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Whitman courts SCV voters

Republican candidate for governor, former eBay CEO lays out her views

Posted: October 2, 2009 10:11 p.m.
Updated: October 3, 2009 4:55 a.m.

Meg Whitman, former eBay CEO, discusses her candidacy for California governor with a group of Santa Clarita residents in the parking lot of Spirit Properties on Centre Pointe Parkway on Friday afternoon.

Gubernatorial candidate Meg Whitman stopped in Santa Clarita on Friday to talk jobs, immigration and the state of the California economy to a group of 100 vocal supporters who gathered at the business office of a Santa Clarita entrepreneur.

The rally for Whitman, who officially announced her bid for governor on Sept. 22, was held in the parking lot of Spirit Properties, a development company owned by Larry and Peggy Rasmussen.

Peggy Rasmussen helped organize the event.

"She's the solution to our problems," Peggy Rasmussen said about Whitman. "We have to find someone who doesn't want to be a professional politician, who can fix this mess."

Whitman wasted no time speaking out against the state of the California economy and her ideas to rectify the problem.

"We have to put jobs first in California and get people back to work," Whitman said.

Her plan includes a mix of tax cuts and streamlining government and regulations to make California more business-friendly.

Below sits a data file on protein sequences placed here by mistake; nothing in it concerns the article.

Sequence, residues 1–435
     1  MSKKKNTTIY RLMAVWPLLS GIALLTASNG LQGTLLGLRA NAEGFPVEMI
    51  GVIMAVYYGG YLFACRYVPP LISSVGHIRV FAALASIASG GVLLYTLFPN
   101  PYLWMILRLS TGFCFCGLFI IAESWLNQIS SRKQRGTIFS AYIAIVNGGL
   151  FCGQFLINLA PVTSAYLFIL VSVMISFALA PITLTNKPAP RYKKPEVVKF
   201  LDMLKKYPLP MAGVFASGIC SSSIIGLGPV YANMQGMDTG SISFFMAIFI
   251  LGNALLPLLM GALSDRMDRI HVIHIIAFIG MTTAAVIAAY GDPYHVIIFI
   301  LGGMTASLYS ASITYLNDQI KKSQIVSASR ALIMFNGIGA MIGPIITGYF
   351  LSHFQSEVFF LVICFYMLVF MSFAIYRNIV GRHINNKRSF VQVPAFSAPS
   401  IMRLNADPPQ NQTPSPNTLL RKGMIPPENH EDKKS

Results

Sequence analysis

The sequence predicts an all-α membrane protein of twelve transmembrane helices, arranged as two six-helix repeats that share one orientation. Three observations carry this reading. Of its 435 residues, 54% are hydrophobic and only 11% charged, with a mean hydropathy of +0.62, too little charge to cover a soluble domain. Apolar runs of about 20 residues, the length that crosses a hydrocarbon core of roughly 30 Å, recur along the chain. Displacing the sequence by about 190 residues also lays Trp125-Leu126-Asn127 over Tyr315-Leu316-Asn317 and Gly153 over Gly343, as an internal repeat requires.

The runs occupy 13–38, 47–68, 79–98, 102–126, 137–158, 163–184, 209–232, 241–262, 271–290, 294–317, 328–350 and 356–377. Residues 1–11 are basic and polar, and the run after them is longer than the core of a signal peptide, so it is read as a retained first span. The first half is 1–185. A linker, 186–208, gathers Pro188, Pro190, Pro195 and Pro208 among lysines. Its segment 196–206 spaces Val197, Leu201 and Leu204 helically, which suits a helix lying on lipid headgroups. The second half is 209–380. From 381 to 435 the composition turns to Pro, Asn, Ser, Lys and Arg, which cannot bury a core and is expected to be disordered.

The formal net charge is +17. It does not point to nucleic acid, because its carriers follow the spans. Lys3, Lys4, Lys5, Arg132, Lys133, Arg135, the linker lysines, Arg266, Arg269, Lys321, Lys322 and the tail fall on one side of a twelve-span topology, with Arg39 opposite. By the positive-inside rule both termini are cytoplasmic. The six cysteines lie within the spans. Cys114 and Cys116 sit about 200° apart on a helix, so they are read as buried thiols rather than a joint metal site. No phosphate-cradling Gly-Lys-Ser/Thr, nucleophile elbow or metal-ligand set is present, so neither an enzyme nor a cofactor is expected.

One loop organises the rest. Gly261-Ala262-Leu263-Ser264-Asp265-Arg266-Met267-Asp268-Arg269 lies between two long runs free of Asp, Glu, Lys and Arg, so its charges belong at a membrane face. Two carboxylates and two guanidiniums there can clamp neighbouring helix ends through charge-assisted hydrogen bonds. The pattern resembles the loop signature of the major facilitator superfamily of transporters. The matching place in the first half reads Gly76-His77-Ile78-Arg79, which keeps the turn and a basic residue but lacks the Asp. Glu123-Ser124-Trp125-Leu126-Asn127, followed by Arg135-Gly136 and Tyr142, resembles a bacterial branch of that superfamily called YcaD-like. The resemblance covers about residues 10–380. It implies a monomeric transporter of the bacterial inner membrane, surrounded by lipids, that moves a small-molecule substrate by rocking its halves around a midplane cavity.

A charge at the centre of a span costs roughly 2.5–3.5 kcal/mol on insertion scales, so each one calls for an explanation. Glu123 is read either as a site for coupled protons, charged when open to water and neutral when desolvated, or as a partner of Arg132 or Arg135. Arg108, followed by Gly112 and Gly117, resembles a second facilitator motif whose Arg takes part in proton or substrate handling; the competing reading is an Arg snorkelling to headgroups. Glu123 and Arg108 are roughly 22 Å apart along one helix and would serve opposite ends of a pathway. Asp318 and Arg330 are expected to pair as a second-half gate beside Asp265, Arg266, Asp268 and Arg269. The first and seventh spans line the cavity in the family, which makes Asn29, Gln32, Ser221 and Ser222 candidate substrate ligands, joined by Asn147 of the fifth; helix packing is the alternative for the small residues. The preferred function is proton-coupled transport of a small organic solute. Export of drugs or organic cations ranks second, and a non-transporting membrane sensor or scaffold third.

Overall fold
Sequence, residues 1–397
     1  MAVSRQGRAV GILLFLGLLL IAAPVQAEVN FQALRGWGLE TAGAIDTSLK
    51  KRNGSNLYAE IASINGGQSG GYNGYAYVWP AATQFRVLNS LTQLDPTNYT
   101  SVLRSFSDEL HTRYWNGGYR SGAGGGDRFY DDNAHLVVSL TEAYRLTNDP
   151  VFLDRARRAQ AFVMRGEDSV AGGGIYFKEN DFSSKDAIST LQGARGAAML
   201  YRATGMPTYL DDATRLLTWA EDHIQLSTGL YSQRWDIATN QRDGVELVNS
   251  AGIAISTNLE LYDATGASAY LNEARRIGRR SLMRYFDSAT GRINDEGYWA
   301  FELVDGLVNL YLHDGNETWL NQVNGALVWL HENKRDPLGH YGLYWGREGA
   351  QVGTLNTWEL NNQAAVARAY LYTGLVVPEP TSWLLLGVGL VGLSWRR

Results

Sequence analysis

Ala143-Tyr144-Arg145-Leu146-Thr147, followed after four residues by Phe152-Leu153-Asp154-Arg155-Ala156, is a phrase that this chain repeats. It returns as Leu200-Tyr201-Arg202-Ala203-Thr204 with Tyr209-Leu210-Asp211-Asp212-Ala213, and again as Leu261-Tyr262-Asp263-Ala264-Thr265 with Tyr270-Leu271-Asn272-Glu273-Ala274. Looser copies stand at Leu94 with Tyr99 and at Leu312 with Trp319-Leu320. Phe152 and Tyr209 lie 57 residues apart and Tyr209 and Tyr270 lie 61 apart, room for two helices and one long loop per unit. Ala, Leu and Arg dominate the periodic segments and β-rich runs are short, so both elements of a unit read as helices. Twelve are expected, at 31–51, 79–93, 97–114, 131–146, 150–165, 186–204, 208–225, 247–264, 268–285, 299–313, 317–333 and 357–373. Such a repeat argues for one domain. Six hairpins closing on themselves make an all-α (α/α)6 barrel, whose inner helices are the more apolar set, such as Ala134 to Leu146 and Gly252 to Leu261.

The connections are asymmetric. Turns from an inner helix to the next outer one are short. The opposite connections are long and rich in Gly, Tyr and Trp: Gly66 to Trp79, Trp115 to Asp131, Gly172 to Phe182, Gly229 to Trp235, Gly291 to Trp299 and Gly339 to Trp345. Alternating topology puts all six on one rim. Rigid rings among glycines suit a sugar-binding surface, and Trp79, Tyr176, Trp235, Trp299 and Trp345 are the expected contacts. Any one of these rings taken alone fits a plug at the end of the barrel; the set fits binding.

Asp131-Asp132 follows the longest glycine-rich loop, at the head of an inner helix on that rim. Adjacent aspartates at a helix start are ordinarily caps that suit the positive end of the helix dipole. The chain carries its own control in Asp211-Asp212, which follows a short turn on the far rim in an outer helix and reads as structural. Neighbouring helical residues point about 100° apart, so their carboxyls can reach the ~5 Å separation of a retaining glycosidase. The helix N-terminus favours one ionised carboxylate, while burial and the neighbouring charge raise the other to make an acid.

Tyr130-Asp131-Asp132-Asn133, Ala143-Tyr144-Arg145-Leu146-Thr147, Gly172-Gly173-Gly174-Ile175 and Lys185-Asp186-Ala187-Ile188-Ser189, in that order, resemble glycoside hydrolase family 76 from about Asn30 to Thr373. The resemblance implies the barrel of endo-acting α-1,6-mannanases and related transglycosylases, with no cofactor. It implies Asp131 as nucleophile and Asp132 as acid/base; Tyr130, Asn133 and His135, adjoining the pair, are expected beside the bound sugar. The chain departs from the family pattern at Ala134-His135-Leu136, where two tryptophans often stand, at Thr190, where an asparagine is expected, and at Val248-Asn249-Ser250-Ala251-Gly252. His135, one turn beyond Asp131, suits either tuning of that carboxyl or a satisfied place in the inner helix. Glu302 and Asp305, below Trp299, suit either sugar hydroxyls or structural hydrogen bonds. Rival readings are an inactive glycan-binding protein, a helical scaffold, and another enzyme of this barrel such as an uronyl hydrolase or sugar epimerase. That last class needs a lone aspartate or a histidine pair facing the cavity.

"We don't have a revenue problem," she said. "We have a spending problem."

Whitman wants a moratorium on new government regulations until lawmakers can wade through the morass of current government red tape to see what helps businesses and what hurts them.

"Let's stop and take a pause and see what works and what doesn't," she said.

Whitman noted a farmer who was wedged between two apparently conflicting regulations - one told him to recycle water he used on his crops and another demanded he dispose of the water.

"Businesses aren't against regulations, they just want to know which ones to follow," she said.

With the hot sun beaming down on the Santa Clarita Valley, Whitman turned up the heat on the budgeting process in California and labeled the state as bankrupt.

"In the last 10 years, the state budget has grown 80 percent, but California's not 80 percent bigger," she said.

Whitman said overstaffing of civil servants is part of the problem. Her plan would be to reduce the state payroll by 40,000 employees in four years through the attrition of 10,000 state employees who don't perform public safety duties.

To win an election in California, a state where Democrats outnumber Republicans, Whitman said she will need to build a coalition of voters from groups the Republican Party has had little success courting in recent years.

Whitman said she will need support from women, who fled the Republican party in large numbers, voters under 30 years old who voted for President Barack Obama in the 2008 election and Latinos.

"What I have to do is meet with Latinos from all over the state," she said. "We need to talk about jobs, government spending and education."

Whitman recognizes the challenges of attracting Latino voters, many of whom are put off by the Republican Party's stance on immigration. She said there are still plenty of Latinos who stand behind the message of strong borders, holding employers accountable for hiring undocumented workers and ending the practice of sanctuary cities.


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